Banking: The path less travelled
Traditional banking career paths may be becoming a thing of the past.
Sergio Rial – the CEO behind Santander Brasil’s famed turnaround – has surprised the Brazilian business community by announcing he is taking over as chief executive of Lojas Americanas – a Brazilian retail chain that Euromoney can best describe as akin to a latter-day Woolworths. Imagine a press release informing the market that Jamie Dimon is to be the next CEO of Target.
While some bankers’ eyebrows were raised, investors greeted the news with delight – Lojas Americanas’ share price leapt by 18% in the next day’s trading. Rial has no doubt been hired to help the company’s digitization process and boost sales both online and in 3,500 physical stores nationwide.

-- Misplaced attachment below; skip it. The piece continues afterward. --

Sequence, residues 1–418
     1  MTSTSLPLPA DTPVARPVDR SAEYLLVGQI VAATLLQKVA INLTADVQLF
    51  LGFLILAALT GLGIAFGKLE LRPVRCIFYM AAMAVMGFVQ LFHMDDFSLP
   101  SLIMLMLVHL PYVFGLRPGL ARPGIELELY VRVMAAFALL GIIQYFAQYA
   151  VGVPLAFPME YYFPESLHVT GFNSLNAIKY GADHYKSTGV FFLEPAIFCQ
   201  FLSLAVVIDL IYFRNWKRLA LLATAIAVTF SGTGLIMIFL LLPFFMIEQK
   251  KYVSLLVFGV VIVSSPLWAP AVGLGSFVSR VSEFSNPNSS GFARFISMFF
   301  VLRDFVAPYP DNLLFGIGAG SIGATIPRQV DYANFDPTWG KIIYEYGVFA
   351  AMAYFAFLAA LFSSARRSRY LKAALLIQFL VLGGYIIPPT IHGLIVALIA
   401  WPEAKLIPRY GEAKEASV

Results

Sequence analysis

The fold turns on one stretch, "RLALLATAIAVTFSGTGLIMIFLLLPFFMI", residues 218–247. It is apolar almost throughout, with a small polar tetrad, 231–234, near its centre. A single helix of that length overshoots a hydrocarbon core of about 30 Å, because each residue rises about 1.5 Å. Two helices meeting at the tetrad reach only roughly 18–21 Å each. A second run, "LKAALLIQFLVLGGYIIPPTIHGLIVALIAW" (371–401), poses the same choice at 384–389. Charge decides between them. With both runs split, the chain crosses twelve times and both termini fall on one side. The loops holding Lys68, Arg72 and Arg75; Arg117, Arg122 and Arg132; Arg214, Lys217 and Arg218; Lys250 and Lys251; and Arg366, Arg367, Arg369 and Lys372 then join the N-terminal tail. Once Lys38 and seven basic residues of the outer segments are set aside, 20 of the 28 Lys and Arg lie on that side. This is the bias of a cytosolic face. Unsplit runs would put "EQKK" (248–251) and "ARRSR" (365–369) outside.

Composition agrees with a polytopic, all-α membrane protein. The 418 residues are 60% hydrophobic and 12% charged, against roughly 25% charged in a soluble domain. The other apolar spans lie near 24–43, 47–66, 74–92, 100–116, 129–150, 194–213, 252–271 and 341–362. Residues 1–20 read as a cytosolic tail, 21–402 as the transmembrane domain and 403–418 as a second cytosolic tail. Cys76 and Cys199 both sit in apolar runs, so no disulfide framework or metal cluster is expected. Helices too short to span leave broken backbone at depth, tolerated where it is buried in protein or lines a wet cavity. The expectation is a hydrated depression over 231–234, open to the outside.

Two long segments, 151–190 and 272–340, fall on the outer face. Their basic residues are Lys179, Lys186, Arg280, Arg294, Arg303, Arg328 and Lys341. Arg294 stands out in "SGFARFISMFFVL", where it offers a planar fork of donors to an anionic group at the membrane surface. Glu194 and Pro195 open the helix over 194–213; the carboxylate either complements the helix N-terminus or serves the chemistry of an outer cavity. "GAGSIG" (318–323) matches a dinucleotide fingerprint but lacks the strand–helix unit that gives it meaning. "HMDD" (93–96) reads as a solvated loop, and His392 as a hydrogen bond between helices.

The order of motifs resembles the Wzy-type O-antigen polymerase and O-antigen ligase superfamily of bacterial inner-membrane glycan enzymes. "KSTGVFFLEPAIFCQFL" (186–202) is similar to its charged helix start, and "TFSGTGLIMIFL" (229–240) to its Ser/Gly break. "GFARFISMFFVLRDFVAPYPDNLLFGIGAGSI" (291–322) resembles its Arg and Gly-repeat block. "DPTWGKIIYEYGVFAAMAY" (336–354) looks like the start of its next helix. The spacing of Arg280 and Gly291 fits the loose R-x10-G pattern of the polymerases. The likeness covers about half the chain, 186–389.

Given Rial’s showmanship during his stewardship of Santander Brasil – he zip-lined above 40,000 employees dressed as a futuristic soldier, complete with black helmet and shining red lights, to get to the stage at one presentation – perhaps retail shopping’s gain is light entertainment’s loss.
But the jokes that have accompanied the banker’s career switch do point to a wider trend towards a blurring of traditional professional progression.
For example, within retail banking in Latin America, we have seen the promotion of micro banking professionals to head retail operations.